Hernandez was quite actively involved in Saturday’s tryouts. He was all over the field injecting his opinion into how things should be run, offering advice to the tryout players, and acting as a mentor for the Latin players.
I haven’t seen any former Angels minor leaguers yet, although I was told two former players are possible signees.
As for the stadium used for the tryout, it sounded awfully familiar. A visit to the stadium’s web site reminded me that Sanford is the home town of popular former Angels infielder David Eckstein.
Saturday’s tryout was supposed to be limited to 100 players, but about another 20 walked up. They had to wait until everyone who pre-registered showed (or didn’t show), and then they were allowed to sign up. Some guys showed up by prior arrangement. A couple Latin players were referred by Hernandez.
Everyone was fed at lunch time with cheese pizza from a local pizzeria while the scouts made the first round of cuts. An afternoon game was played, nine innings, with 18 pitchers given one inning each. No one scored, as base runners weren’t allowed past third base, and the batting cage was kept in place so the scouts could stand behind it and watch. (The cage was a major buzz killer for photography …)
I’d guess that about a half-dozen players were offered contracts at day’s end. The scouts made it clear that others might be offered contracts later, or might be on a depth list if a player is needed later in the season. I saw a couple pitchers I thought had decent enough stuff, although few came close to, say, Tom Kotchman’s Rookie-A Orem Owlz talent.
If you’re thinking these guys sound like the bottom of the barrel … you’re right. But every once in a while, the independent leagues help to resurrect a player’s career. It’s more common for major league organizations to reach into the independent leagues to acquire players to fill out rosters, especially at the Double-A and Triple-A level, to surround top prospects with experienced players.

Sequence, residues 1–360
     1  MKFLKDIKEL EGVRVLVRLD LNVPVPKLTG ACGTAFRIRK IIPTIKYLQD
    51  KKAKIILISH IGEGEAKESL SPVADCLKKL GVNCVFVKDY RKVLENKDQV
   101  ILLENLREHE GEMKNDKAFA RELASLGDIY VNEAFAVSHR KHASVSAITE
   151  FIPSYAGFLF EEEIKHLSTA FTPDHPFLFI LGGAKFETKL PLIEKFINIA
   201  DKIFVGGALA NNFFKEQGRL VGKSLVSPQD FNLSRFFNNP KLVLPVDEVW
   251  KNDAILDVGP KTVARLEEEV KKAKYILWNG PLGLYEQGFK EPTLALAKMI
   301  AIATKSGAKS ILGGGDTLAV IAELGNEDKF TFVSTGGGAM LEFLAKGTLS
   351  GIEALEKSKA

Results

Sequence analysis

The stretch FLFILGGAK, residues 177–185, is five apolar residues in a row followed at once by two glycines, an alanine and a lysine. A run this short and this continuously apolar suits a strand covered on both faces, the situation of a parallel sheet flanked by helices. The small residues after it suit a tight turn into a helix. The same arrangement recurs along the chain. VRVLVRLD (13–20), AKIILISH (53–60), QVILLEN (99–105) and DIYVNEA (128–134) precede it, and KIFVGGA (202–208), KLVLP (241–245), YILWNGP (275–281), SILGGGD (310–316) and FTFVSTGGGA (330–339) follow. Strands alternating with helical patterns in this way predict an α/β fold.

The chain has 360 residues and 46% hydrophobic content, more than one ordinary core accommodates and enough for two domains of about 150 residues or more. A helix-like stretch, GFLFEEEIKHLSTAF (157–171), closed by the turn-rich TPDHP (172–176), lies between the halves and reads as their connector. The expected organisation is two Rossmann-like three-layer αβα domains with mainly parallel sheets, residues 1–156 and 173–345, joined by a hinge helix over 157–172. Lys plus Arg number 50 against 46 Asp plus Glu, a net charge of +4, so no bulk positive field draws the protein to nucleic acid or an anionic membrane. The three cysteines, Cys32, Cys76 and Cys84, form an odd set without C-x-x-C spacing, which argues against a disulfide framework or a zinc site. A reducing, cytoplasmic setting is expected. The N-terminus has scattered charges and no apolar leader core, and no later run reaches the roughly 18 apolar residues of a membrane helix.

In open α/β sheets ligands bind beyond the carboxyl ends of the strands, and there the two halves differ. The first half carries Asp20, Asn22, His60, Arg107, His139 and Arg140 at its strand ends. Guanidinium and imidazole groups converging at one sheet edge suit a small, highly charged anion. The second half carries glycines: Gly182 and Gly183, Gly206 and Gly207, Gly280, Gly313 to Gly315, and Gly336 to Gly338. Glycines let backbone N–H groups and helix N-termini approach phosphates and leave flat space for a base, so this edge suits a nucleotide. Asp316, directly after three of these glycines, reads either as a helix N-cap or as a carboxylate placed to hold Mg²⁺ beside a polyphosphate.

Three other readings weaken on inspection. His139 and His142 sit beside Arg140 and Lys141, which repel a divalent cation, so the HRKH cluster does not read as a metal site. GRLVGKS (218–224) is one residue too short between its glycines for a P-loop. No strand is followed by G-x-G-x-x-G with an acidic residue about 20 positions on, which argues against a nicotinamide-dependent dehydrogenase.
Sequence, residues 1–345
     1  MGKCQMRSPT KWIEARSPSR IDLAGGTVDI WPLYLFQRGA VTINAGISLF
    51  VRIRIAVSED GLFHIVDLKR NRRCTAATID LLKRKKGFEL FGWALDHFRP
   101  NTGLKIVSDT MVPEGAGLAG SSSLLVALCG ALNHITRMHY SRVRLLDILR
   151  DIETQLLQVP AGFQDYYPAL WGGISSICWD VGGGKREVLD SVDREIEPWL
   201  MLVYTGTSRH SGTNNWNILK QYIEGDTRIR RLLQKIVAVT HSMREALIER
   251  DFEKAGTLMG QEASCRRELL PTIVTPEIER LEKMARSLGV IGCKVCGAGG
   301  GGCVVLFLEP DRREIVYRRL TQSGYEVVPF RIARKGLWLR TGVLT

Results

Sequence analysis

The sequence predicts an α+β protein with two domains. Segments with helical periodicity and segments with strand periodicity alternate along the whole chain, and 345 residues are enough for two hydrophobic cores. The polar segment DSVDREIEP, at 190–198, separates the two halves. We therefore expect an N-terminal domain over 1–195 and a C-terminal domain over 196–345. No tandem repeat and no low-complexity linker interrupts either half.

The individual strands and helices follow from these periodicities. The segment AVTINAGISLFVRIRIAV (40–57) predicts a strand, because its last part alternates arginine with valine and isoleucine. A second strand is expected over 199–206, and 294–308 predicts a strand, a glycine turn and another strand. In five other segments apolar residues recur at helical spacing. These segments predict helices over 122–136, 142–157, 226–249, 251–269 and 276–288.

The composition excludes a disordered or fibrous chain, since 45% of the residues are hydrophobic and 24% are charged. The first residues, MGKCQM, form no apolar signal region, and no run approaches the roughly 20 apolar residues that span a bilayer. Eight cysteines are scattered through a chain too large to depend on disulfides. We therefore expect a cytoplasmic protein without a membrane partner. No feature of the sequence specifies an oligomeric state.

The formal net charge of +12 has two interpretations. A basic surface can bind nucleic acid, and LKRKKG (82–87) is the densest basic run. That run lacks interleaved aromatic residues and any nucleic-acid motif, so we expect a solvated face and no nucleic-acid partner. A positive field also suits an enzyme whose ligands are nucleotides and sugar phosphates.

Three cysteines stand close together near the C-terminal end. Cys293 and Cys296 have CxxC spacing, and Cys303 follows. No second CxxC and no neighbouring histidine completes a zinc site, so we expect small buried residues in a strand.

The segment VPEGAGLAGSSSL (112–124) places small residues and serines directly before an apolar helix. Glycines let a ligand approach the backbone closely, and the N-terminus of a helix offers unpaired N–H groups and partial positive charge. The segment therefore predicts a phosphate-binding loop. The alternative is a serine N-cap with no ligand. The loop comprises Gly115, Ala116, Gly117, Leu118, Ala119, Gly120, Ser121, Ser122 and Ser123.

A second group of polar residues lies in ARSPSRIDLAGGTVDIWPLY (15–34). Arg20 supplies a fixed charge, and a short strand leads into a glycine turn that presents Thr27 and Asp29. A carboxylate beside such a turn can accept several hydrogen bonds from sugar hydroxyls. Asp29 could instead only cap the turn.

If nothing else, I would expect this league to help place some players with major league organizations for the next minor league spring training. After that, their talent will take them as far as it can.
Players stretch at the beginning of Saturday’s workout.
Click Here to watch an interview with Jake Leonhardt, an independent player who signed at Saturday’s workout. Windows Media Player and a broadband (cable modem, DSL) Internet connection are required. A Houston native, Leonhardt formerly pitched in the Astros system and travelled here from Texas to qualify for the league.
You probably know that baseball is played during the winter in Latin and South America. Fall and winter leagues have been tried over the years in Hawaii, California and Maryland, but none lasted long because Major League Baseball wouldn’t provide funding.
No problem, say the people with the Florida Winter Baseball League.
The FWBL will begin play October 30 in four Florida cities. Each team will play a 60-game schedule.
I recorded an interview today with Sean Boudreaux, general manager of the Space Coast Surge, which will play out of historic Cocoa Expo Stadium. Click Here to watch the video interview. You need Windows Media Player and a broadband (cable modem, DSL) Internet connection to watch.
Most of the players will probably be from the independent leagues, although a number of major league organizations have said they’ll consider sending players from their lower minor leagues. Apparently the Angels are not one of those teams, although I wouldn’t be surprised if former Angels minor leaguers from Florida who were released surface in the league.
For history buffs, Cocoa Expo Stadium was the spring training home for the Houston Astros until the early 1980s, then the Marlins in 1993 in their inaugural year.